Results: All products were originally delivered, but the supply of products decreased from month to month. The following classes of active substances were detected: piperazines, cathinones, caffeine/ephedrine or products in which no psychoactive drugs were detected. Of the products delivered more than once, 15 (75%) contained the same compounds at each occasion. In three products, a change in piperazine was noted, in which 1-benzylpiperazine was replaced by 1-methyl-4-benzylpiperazine or vice versa. In two other products, cathinone [4-fluorophenylpiperazine (pFPP) or 3-fluromethcathinone (3FMC)] was detected in products purchased in month 1, which was not present in products purchased in month 1. Availability was restored in the following years, but not at the legal level before the ban. The supply of recreational drugs to users has changed in recent years, as the Internet is increasingly used to source recreational drugs and/or buy “legal highs” in big box stores.1,2 These changes have been linked to a change in the types of compounds used as recreational drugs, with the increasing use of new compounds such as cathinone, Piperazines and synthetic cannabinoid receptor agonists (“Spice”).3 A recent survey of more than 2000 UK clubbers showed that the use of these compounds is common – 26% of respondents to a survey on a website had previously used 1-benzylpiperazine and 41.7% had used cathinone, Mephedrone.3 There is a misconception that these compounds are “safe” because some of them are sold legally and not under the UK Drug Abuse Act (1971). be controlled. However, there are numerous reports of toxicity similar to the conventional recreational drug in people using these legal highs.4–10 Due to the toxicity associated with some of these compounds, the UK Drug Abuse Act (1971) was amended in late 2009 to control a number of piperazine derivatives as Class C compounds and synthetic cannabinoid receptor agonists in as B.11 class compounds BZP is prohibited in Australia: Austria, Canada, Denmark, Estonia, germany, France, Greece, Ireland, Italy, Japan, Malta, Poland and Sweden.
  BZP is not subject to a UN convention, so the compounds themselves are legal in most parts of the world, although in most countries their use is limited to pharmaceutical manufacturing and their recreational use is unknown.  Objective: To investigate the impact of banning BZP`s legal highs on the prevalence of BZP, legal surrogate highs and other drugs. Background: Benzylpiperazine (BZP) is the psychoactive ingredient in a number of “legal highs” sold worldwide. BZP was banned in New Zealand in 2008. Keywords: BZP; Illegal markets; Legal highs; New psychoactive substances; Prohibition. The 26 legal highs selected from the five different websites of Internet service providers were delivered in the first month (January 2009). The names of the legal highs and the components identified during the analysis are summarized in Table 1. The substances detected fell roughly into the following drug classes: piperazines, cathinones, caffeine/ephedrine or no psychoactive drugs detected; The number of Legal High products in each of these classes is summarized in Figure 1. Background: Legal highs containing benzylpiperazine (BZP) were widely used in New Zealand until BZP was banned in 2008. We examined the impact of the ban on the availability and price of BZP in subsequent years. At the time of this study, not all classes of drugs identified were controlled by the UK Drug Abuse Act (1971). Subsequently, however, piperazines were checked in the UNITED Kingdom on 23 December 2009 under this legislation.11 It is likely that the active substances detected in the products purchased in this study will have changed after this change in uk control of piperazines.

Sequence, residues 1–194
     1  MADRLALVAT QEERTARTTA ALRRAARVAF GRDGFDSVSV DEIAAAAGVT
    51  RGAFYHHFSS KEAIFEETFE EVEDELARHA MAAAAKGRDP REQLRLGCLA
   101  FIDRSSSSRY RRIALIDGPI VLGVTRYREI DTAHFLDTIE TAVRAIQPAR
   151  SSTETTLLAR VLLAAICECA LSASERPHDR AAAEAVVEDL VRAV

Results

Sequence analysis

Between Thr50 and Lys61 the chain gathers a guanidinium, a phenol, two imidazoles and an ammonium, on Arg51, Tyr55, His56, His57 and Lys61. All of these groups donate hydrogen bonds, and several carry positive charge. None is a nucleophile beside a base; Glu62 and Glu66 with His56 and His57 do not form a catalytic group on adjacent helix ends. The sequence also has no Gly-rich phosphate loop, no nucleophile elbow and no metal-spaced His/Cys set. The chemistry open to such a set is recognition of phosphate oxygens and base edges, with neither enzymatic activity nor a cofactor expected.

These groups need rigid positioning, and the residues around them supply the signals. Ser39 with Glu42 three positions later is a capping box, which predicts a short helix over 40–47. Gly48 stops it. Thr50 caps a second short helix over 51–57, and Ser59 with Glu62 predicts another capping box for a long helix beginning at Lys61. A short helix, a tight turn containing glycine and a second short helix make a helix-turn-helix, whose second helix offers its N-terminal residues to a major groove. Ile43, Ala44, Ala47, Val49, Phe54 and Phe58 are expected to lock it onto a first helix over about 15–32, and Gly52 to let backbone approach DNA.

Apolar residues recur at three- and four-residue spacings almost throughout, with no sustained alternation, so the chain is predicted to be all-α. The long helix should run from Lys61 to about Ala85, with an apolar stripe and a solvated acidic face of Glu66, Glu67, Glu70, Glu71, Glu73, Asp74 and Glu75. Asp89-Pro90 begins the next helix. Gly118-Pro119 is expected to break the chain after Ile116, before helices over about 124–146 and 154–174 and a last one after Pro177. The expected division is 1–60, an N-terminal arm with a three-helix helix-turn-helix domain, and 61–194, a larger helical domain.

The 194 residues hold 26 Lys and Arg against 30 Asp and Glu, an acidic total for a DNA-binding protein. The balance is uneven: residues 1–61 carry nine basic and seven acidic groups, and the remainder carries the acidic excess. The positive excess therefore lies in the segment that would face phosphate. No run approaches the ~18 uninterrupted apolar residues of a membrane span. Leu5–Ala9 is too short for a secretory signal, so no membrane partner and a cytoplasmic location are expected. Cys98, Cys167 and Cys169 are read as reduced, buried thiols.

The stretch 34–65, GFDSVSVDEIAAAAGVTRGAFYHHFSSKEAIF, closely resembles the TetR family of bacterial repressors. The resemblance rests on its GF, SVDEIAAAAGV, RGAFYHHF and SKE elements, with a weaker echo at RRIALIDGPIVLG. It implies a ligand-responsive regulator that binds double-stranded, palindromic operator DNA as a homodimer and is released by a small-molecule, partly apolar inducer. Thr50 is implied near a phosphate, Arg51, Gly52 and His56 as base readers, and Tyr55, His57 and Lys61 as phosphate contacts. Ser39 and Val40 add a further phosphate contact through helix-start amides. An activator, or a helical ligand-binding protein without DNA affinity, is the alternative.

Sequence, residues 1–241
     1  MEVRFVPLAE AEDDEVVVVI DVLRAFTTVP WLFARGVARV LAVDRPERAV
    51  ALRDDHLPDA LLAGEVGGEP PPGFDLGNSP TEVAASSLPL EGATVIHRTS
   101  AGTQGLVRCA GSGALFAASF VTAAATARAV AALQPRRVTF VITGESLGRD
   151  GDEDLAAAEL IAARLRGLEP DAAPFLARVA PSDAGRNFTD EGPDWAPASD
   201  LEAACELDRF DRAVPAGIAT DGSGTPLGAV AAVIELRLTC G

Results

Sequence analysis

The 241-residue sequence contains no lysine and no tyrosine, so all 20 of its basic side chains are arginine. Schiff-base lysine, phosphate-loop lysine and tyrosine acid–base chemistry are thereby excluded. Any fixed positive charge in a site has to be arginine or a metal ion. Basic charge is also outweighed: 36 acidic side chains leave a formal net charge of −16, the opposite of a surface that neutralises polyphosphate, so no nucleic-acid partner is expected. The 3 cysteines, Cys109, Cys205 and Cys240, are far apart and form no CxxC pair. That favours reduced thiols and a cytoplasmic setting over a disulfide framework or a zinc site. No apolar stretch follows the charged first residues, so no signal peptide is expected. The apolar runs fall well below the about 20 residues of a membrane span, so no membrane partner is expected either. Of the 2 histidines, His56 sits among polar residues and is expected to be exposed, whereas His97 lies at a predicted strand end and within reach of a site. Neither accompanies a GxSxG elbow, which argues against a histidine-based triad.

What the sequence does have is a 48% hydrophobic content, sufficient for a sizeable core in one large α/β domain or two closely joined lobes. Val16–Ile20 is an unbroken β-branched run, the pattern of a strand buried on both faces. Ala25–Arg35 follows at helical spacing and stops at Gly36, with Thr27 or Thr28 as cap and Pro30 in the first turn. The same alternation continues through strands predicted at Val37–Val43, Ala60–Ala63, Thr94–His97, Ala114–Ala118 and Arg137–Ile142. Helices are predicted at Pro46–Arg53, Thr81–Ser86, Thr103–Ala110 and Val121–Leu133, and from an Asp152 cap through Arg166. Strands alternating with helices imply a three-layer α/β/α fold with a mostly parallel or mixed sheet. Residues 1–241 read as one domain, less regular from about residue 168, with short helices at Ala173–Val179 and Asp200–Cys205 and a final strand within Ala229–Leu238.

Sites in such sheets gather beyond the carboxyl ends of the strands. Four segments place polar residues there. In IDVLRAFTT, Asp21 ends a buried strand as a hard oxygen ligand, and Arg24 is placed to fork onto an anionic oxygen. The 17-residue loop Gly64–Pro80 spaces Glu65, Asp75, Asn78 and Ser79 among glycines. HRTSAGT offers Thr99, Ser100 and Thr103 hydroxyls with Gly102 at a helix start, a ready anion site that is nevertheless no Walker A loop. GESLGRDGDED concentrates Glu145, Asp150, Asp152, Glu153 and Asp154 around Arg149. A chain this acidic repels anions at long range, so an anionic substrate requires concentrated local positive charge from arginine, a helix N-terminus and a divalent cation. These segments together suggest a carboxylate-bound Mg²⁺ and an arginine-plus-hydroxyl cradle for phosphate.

Suppliers can either remove these products from sale or change the active ingredients to remain legal for sale in the UK. Further work is needed on further purchases of the products presented in this study to determine whether they are still available and/or whether the active substances have changed in order to determine the effectiveness of the changes to UK legislation. – What is BZP? – What does BZP look like? – How is BZP used? – Who abuses BZP? – What are the risks? – What is it called? – Is BZP illegal? Analytical data were compiled to (i) determine the original components of the acquired legal highs; (ii) whether there was a link between the cost of an individual product and the likely components of that product; and (iii) whether the components of individual purchases have changed over time.